For me, fear is the worst of them all. I felt its icy grip take hold with the violent bucking of the Christchurch earthquakes, and in the slow creep of starvation. When intense fear is justified (as it was in these cases), it is incredibly powerful and positive. It gets you moving - and moving fast - up and out to safer ground. Fear comes in lower grades, of course, and I have it in abundance. Only through the process of writing my last post did I recognise just how significant it was, and see how it's undermining my recovery. Most of my fears aren't justified - a dot of olive oil screams DANGER! to me - but it doesn't actually pose a threat to my safety.

Anger is a whirling maelstrom that sucks up mental energy and fires it back out in all directions. It can get ugly. Sometimes my therapist has to duck out of the way, and I feel sorry for her. Anger seems to ask for action, and in the eating disorder, this action has taken the form of self harm. Inflicting the pain (of starvation) is an expression of anger aimed at myself. At other times, I have managed to use its energising action to do good. Every major step up in my recovery has been preceded by a gradual build up, then explosion of anger.

Shame is a gnarly one, and it's embedded deep in the core of this illness. Accessing it, then trying to unpick it is really hard. Shame is the heat of self loathing. It's the belief we are terribly flawed and unworthy. In an eating disorder, the feeling can be so strong we think we don't deserve a space in the world, so quite literally shrink away from it. I am a long way from coming to grips with shame, because it feels so uncomfortable to question these beliefs. But I'm making a start. I'm planting seeds mostly: putting up boundaries for myself in relationships when I've set none before, asking to be heard, and reminding myself I am allowed a small spot simply because I'm a human, and that's enough of a reason. One of the best things I have done to tackle it, I think, is to set up this blog. I'm hollowing out a bit of room in cyberspace, where I tell my story. It doesn't matter if it's only me reading it either. The point is I'm saying what I want to about my experience and it is evidence of a bud of self worth. Speaking up defies shame.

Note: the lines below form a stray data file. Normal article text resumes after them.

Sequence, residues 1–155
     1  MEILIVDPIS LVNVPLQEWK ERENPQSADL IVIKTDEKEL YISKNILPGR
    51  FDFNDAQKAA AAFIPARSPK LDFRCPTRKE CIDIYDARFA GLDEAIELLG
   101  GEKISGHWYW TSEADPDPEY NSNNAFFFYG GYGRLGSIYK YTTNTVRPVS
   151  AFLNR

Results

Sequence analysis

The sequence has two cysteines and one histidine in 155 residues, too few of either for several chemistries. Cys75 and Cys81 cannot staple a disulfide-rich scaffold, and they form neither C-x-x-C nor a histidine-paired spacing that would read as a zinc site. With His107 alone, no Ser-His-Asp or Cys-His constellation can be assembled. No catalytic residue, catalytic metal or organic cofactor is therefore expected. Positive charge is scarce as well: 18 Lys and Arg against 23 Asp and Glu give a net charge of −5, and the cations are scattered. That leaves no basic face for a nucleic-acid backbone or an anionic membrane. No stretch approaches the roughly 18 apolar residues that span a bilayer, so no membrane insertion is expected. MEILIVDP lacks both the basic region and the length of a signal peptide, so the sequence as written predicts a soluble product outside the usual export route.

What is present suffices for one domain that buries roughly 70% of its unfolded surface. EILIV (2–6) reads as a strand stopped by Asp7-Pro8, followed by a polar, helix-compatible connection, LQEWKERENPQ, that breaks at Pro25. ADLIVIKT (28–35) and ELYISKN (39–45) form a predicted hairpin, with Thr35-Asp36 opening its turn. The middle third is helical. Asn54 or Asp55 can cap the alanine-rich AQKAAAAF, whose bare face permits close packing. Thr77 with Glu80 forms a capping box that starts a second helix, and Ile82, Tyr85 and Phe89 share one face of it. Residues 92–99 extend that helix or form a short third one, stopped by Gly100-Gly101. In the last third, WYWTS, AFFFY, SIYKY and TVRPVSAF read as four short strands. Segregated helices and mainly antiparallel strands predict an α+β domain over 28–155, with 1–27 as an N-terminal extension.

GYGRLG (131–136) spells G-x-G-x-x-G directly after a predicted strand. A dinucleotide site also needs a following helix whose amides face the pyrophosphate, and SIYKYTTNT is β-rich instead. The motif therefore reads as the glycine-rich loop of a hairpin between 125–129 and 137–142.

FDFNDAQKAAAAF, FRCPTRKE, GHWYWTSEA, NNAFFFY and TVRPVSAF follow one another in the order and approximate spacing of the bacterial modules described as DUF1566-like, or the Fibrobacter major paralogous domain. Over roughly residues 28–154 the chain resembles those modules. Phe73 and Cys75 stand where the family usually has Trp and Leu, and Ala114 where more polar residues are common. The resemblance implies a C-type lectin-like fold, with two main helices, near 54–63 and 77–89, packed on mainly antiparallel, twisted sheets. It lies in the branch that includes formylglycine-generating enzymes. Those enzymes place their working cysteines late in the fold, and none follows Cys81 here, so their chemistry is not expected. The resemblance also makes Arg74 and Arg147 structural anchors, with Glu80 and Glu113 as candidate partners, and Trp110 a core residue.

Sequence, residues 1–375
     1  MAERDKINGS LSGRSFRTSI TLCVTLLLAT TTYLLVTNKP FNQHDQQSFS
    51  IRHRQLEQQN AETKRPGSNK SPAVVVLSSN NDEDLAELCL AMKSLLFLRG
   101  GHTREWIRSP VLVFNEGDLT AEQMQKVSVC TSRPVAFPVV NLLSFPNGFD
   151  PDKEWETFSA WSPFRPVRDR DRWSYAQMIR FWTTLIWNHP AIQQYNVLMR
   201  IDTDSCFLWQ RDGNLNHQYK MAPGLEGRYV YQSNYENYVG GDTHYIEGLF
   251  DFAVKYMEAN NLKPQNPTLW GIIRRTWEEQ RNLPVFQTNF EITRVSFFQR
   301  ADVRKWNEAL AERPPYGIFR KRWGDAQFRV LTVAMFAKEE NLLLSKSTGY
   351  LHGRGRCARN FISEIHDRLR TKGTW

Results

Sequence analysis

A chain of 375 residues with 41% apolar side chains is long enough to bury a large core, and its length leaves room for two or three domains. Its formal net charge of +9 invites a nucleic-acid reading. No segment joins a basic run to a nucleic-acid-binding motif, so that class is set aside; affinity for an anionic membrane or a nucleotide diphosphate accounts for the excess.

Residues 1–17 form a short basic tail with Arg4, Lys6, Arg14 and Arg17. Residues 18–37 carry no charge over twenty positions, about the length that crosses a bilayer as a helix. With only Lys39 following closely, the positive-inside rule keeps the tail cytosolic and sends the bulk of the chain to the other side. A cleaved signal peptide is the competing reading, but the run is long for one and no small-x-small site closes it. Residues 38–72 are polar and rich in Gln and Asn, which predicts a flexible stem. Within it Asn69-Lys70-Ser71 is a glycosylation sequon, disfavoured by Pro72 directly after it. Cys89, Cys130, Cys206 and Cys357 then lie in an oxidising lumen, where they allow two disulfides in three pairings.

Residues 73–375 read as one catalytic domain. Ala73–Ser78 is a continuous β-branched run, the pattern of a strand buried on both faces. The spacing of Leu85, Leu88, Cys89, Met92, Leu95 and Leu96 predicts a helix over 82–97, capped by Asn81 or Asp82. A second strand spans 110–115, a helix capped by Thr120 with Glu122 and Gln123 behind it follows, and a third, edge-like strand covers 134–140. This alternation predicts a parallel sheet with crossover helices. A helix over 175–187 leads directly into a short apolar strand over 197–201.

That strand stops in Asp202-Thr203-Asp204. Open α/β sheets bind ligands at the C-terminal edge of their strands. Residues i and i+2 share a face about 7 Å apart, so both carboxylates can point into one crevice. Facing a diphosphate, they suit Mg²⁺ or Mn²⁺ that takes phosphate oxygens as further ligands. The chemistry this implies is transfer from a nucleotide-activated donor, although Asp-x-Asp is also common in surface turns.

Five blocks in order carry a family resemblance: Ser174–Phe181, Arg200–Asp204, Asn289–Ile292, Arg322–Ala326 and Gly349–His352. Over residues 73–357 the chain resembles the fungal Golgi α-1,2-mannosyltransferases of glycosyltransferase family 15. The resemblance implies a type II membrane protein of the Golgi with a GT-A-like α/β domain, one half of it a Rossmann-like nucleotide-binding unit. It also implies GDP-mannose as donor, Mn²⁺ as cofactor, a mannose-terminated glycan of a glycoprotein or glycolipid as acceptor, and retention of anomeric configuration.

If there is one hard emotion that I think I do okay with, it's sadness. It's a grey drifting cloud that's been hanging over me for a good, long while. Sometimes it swells and darkens, then spills rain all over me. When that happens, I generally don't run and hide - I sit and wait for it to end, then watch the cloud diminish. The eating disorder wouldn't exist without sadness. It works easily alongside the 'control' and 'calm' of restriction. But wonderful things have come in the midst of sadness too. Even in the deepest of lows, when I am certain everything good in me has gone, creativity stirs and tells me otherwise. Between sobs, a flicker of a thought will appear. It quickly fills out and becomes an idea, and I pay attention. My tears dry up and I begin to draw or write. Before I know it I am carried away out from under the cloud.

Navigating my way through all this feeling is not easy, but avoiding it will get me nowhere. I'll stay stuck and hungry. It's really interesting learning about emotions, and pulling them apart. I know vast amounts more than I did one year ago. I know that fear keeps me safe, but also traps me. Anger is motivating, but I need to learn to steer it in the right direction. I understand shame is a feeling that stems from beliefs that can be changed, rather than something I have no agency over. I know that creativity can flourish in the presence of sadness, and that, in turn, breeds hope. And hope, my friends, is my ticket out of here.